Friday Review

Stunning choreographic moments

There can be no doubt about Mohiniyattam dancer-teacher Sunanda Nair’s theatrical skill. For 75 minutes she took the rasikas on an emotional journey through the tragic lives of Amba, Bhishma’s enemy in the Mahabharata, Kubja, Kamsa’s maid from Srimad Bhagavatham, who gets salvation from Krishna, and a mother who discovers that her daughter has eloped, from Agam poetry.

Each piece had been crafted with finely nuanced movements and expressions, nothing overdone, but enough to tug at your heartstrings. The music was an evocative soundscape of mood-music that again was aesthetic, not once transgressing the bounds of classicism. The lighting (Murugan) was especially eye-catching with liberal use of blue backlighting and soft yellow lights in front.

Specialists such as Kalamandalam Gireeshan (vocal) created and carried the mood with his sopana-inspired Carnatic style along with violin expert Srilakshmi; Kalamandalam Gopalakrishnan (nattuvangam) was the nimble-fingered anchor whose delivery was inspiring, including the well-timed special-effect sollus, the sensitive mridangist Satish Krishnamurthy whose soft beats mirroring the mother’s quivering toe as she picks up the stone while playing ‘pandi’ with her daughter were memorable along with the flavour-enhancing edakka played by R. Nandakumar.

There had to be a mastermind behind the creative effort — it was Guru Kanak Rele. The piece on Amba (Bhairavi, talamalika) had stunning choreographic moments — when she finds herself abandoned by both Salwa and Bhishma by a quirk of fate, she turns angry against both of them. There is a moment with her standing centre stage, shooting angry looks at them on either side of her. Another stunning moment was when Shikandi rides into battle — the crisp sollus alternated between a soft female version and a strong male version, signifying Shikandi’s gender duality. An unusual technique was the way the entire piece was enacted only from Amba/ Shikandi’s perspective, leaving the other characters to imagination. The piece ends with the final confrontation between Shikandi and Bhishma when Shikandi condemns him for allowing Draupadi vastraharan and for abandoning Amba, the melodrama building with the music, her agitated movements and enraged expression. And the final killing with her standing fearlessly after the act. All this with Shikandi standing centrestage, a single blue spot on her.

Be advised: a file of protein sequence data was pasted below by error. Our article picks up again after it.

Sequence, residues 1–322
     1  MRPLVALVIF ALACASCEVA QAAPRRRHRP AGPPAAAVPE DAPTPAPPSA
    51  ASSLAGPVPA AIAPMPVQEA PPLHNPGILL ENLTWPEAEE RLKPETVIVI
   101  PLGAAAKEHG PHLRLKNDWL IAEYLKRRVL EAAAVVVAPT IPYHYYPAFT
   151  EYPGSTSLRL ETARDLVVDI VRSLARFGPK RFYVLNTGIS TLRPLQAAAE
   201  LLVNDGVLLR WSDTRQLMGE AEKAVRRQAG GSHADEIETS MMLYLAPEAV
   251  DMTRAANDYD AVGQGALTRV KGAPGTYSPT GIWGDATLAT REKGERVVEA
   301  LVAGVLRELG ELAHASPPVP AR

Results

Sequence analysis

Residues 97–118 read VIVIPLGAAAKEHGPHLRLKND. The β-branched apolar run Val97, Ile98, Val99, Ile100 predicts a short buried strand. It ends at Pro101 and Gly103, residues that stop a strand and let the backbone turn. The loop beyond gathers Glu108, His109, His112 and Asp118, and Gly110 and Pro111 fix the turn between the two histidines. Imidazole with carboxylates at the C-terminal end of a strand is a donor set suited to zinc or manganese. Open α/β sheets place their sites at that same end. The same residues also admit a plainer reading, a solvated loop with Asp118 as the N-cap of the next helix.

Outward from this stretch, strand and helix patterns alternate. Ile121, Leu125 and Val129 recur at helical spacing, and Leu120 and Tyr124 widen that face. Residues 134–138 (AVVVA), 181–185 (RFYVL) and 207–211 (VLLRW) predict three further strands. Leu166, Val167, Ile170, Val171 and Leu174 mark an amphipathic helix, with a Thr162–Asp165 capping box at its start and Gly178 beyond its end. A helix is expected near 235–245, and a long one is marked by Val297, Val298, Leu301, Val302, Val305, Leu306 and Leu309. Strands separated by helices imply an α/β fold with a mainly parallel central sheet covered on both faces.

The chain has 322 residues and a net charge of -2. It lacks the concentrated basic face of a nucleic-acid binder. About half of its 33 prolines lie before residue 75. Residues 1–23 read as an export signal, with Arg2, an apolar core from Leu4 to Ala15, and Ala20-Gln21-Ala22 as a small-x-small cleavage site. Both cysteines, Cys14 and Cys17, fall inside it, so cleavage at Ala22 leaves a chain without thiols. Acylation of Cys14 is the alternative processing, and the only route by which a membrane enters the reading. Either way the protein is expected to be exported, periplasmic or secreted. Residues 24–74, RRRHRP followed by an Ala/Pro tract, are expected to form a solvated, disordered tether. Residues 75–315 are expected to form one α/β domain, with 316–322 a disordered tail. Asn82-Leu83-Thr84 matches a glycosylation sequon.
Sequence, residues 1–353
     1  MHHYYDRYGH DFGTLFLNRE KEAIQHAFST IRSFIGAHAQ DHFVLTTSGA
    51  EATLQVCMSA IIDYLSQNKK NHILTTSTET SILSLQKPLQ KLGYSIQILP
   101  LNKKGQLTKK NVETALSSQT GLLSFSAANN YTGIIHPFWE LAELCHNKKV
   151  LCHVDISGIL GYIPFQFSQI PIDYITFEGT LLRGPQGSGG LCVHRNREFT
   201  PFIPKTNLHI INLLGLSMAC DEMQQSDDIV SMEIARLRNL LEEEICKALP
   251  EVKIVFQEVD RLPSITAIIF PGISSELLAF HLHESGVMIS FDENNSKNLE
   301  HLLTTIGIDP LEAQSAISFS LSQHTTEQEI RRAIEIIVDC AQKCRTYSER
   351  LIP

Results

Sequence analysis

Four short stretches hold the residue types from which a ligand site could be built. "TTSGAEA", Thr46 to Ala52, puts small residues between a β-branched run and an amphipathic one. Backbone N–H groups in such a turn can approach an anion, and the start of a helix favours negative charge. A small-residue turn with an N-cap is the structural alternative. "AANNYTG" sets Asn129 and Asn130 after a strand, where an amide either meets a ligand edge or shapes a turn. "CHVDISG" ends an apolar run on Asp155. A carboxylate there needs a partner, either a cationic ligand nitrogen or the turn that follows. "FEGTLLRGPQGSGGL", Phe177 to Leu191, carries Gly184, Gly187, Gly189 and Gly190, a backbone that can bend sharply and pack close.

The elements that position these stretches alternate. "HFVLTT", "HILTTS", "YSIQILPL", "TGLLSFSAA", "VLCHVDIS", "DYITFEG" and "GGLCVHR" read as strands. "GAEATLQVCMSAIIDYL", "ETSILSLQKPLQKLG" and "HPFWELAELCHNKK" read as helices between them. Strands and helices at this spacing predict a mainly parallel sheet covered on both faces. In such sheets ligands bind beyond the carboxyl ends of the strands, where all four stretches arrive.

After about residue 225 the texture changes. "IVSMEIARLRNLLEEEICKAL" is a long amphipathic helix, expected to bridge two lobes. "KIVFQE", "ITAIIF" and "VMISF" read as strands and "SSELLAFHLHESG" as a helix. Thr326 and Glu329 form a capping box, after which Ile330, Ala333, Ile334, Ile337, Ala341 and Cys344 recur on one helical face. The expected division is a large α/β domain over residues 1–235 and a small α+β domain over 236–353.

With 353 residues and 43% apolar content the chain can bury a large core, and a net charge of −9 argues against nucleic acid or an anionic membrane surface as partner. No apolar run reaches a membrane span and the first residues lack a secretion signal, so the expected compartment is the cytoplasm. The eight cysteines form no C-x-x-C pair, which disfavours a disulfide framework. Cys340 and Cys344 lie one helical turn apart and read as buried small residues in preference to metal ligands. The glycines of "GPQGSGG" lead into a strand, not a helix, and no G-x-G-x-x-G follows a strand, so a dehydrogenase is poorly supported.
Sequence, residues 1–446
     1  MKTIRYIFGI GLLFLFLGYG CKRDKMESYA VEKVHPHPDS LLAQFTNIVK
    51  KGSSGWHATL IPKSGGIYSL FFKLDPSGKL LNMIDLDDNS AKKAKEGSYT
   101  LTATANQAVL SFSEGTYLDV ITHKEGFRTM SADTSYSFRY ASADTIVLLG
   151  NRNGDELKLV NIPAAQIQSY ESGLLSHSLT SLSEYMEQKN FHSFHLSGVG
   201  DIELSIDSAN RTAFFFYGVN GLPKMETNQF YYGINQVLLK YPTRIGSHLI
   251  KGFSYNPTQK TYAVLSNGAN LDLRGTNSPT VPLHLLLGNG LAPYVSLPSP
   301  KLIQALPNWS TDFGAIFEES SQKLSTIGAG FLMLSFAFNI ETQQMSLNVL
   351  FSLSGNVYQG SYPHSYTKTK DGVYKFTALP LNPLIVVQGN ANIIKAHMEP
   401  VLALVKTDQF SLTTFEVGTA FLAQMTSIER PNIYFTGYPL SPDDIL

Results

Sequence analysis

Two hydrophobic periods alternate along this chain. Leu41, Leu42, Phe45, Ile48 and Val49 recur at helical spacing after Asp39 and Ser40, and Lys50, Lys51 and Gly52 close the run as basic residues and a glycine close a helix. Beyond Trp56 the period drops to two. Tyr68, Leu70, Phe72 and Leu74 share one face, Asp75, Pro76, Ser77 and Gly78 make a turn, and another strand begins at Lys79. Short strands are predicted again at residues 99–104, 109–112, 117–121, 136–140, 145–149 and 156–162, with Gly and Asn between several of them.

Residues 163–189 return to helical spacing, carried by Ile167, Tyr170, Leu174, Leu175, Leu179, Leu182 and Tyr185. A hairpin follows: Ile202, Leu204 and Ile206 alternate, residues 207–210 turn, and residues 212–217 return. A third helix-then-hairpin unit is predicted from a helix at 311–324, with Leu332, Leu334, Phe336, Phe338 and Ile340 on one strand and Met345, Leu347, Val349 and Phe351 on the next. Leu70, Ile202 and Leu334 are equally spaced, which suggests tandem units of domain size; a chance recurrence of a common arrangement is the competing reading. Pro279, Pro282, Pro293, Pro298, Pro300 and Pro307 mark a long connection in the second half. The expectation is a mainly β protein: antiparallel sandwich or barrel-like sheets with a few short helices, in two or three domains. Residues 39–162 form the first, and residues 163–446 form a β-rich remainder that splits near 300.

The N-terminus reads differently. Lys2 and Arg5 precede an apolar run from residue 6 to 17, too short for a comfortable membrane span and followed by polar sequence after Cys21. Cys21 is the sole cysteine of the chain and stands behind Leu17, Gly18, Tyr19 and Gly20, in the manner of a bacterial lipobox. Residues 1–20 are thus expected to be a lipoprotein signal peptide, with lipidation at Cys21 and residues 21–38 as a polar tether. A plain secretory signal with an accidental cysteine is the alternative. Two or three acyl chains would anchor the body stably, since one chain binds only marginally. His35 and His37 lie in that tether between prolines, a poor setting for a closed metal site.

The Agam poetry, ‘Oru Magal’ (Saveri, misra chapu) too was handled with rare choreographic skill. It opened with the mother waking up before dawn to discover that her daughter is missing. A futile search and the subsequent realisation of what might have happened leads to a flashback, when the mother relives moments with her daughter from babyhood to childhood, adolescence and to the present. Life comes back a full circle, and the opening scene is re-played with the mother waking up to find her daughter gone. Soulful music and sensitive acting could not but bring a lump to the throat.

It is ironical then that one should leave the auditorium feeling dissatisfied… The thing is, I wanted to see Mohiniyattam not just drama.

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Printable version | Sep 26, 2021 12:44:38 PM |

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